Sixty-one Ghanaians who were stranded in Barbados for the past two-and-a half months, were on Thursday flown back home on board a chartered flight, Miami Air International.
Also with the Ghanaians were 19 Nigerian passengers who declined to disclose any information about themselves.
The exercise was a collaboration between the government of Ghana and authorities in Barbados.
Some Ghanaian passengers who spoke to the Ghana News Agency about their ordeal said they got to know of a trip to Barbados being organised by Seasons Travels and Tours, through advertisements in the media.
They said they paid 2,000 dollars each to the tour operators to cover their return trip to Barbados where they were to spend two weeks.
They left Accra on January 31, 2008 on board an aircraft belonging to Ghana International Airlines (GIA) which had been chartered by Seasons Travel and Tours for the trip.
The passengers said after reaching Barbados on February 1, and spending two weeks, the flight, which was to come for them on February 15, as had earlier been agreed upon with Seasons Travels and Tours, did not turn up.
The passengers said they had to find their own means of staying and surviving as they awaited their return flight.
Whilst some found jobs in order to raise funds with which they could survive as they waited for a flight to turn up, others managed to lodge with friends and family members.
When asked weather all the stranded passengers had been brought back to Ghana, the passengers said, "those who have not returned must have decided on their own not to return, since several announcements were made for days in Barbados about the fact that there was an in-coming flight to ferry all stranded Ghanaian passengers back to Ghana today, 8th May 2008".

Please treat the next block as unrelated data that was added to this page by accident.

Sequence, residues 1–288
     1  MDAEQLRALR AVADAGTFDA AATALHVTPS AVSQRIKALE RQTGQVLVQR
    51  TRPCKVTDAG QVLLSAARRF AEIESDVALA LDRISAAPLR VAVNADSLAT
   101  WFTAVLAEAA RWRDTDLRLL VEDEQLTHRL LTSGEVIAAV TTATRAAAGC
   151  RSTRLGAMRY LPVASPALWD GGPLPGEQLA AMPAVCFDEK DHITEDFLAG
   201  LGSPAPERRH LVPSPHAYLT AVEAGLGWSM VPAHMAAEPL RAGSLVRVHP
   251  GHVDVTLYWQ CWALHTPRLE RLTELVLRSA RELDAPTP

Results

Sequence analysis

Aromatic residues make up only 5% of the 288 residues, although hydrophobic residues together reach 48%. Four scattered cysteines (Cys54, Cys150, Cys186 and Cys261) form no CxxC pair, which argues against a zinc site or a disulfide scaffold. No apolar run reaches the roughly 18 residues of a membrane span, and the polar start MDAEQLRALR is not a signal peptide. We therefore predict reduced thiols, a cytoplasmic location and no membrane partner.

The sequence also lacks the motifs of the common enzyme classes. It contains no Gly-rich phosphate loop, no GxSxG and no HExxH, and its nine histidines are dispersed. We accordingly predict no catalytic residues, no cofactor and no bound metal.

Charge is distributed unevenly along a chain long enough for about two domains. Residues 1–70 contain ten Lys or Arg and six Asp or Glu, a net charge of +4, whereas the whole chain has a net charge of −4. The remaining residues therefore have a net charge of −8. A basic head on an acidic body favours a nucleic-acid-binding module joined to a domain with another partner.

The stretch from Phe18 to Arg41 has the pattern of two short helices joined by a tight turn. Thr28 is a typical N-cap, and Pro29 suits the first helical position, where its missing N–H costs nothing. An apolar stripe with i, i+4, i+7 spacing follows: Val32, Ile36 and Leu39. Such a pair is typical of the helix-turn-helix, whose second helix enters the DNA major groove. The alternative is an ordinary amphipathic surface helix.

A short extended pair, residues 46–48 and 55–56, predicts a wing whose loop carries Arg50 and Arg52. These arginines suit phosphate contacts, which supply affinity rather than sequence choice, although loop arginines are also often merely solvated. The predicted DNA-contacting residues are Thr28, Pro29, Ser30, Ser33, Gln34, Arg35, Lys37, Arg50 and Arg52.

Mr Isaac Sarpong, Corporate Secretary and Head of Compliance, Regulatory and Legal Department of the Ghana International Airline, told the Ghana News Agency in an interview that, by the legal implications of the agreement between Seasons Travels and Tours and the GIA, the tour operators were solely responsible for the welfare of the passengers it had transported to Barbados.
Mr Sarpong said after the tour operators had made payment to GIA for the passengers to be flown to Barbados, they failed to make payment to GIA for the return trip of the passengers, although these passengers had already paid the tour operators for their return trip.
"There is therefore no way Ghana International Airlines could be held responsible for what happened," he said.
Officials of Seasons Travels and Tours could not be contacted for their comments.